THE HIGH COURT has dismissed a case brought by a Dublin businessman challenging the legality of the promissory notes issued to the former Anglo Irish Bank.
The court ruled that David Hall does not have the standing or locus standi to take the case but said that a legal challenge could be mounted by a member of the Dáil.
Reacting on Twitter Hall, the director of the Irish Mortgage Holders Organisation, said: “Justice Kearns dismissed my case on the basis I don’t have standing to take the case that maybe it should be a TD! Jutted/democracy!”
In a detail judgement issued this afternoon, the High Court president Justice Nicholas Kearns said that Hall could not argue that he had been put in a position any different to any other citizen because of the promissory notes payment.
The judgement said that there was no evidence put before the court that declaring the notes illegal would “lead to only benefits for the plaintiff”.
Justice Kearns said there might be “every reason to suppose” that declaring the notes invalid would have “very serious adverse implications” for Hall, Irish citizens, the State’s finances and its financial reputation as well as Ireland’s ability to continue its recovery.
The judge also highlighted the significant delay there had been in bringing the action, two years after the issuing of the promissory notes and noted the “significant costs” arising from cases such as Hall brought which fall on the taxpayer.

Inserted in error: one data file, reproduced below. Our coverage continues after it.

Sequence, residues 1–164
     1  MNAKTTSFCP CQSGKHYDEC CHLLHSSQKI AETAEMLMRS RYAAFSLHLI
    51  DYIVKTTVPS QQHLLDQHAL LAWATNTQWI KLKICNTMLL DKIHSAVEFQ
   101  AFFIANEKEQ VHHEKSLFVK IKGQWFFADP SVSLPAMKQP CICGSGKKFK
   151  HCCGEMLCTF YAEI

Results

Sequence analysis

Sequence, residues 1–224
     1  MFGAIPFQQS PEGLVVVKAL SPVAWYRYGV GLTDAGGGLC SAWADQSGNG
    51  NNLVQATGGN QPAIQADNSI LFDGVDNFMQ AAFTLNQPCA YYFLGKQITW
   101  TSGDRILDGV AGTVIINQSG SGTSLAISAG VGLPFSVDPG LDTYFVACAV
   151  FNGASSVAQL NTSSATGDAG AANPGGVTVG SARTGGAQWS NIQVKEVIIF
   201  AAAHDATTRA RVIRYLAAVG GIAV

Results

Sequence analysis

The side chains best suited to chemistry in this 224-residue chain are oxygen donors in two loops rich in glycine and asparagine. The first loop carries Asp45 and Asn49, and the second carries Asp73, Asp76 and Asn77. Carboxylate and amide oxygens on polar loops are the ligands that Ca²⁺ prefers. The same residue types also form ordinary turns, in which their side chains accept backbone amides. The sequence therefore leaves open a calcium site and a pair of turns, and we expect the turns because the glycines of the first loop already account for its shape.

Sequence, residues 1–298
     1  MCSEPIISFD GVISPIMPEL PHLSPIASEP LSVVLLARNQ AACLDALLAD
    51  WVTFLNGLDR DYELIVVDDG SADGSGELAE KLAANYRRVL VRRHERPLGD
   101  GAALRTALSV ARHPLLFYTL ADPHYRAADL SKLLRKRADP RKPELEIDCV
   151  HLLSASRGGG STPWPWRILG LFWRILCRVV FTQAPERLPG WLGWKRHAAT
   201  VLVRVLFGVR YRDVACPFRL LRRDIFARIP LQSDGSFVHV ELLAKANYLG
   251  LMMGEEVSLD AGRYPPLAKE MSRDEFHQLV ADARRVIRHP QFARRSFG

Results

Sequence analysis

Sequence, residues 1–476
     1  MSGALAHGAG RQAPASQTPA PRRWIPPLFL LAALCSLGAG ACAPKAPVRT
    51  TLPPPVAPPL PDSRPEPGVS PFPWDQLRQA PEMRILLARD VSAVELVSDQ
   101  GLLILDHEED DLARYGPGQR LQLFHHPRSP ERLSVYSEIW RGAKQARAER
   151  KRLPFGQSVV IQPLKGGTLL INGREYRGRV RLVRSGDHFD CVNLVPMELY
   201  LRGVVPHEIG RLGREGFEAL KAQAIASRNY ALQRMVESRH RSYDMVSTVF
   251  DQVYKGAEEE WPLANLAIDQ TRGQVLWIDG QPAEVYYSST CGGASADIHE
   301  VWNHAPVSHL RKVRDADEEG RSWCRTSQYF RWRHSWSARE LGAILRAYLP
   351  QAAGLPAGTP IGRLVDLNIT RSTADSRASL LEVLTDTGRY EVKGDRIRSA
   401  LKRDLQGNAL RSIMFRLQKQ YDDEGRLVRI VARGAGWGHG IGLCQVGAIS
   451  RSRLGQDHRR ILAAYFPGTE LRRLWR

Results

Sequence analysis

The judge said that no member of Dáil Eireann was precluded from mounting the legal challenge that Hall had brought.
“Nothing in this judgment should be taken or construed as indicating what view the Court might take of the merits of such a claim if and when so brought,” the verdict states.
Hall had brought a legal challenge against the €31 billion promissory notes, a form of IOU, arguing that they are illegal as their issuing in 2010 was not approved by a Dáil vote.
The notes were issued to Anglo Irish Bank and Irish Nationwide – now the Irish Bank Resolution Corporation – in 2010 after it emerged that the banks had a major funding shortfall as a result of mounting losses in the wake of the collapse of the property bubble.
Not having the money to lend the banks, the State agreed to back – through the use of promissory notes – loans that the IBRC drew down from the Central Bank of Ireland.
Under this arrangement the State agreed to repay these IOUs over a 21-year period with payments of €3.06 billion due every year for the next ten years. The money that is repaid, with interest, to the Central Bank is taken out of circulation and is effectively destroyed.
The next payment is due on 31 March and the government is currently in negotiations with the European Central Bank seeking to reduce the cost of repayments.
In the High Court case the State, represented by senior counsel Michael McDowell, argued that the issuing of the notes did not require Dáil approval as the then Finance Minister Brian Lenihan had already been given powers under the Credit Institutions Stabilisation Act 2010.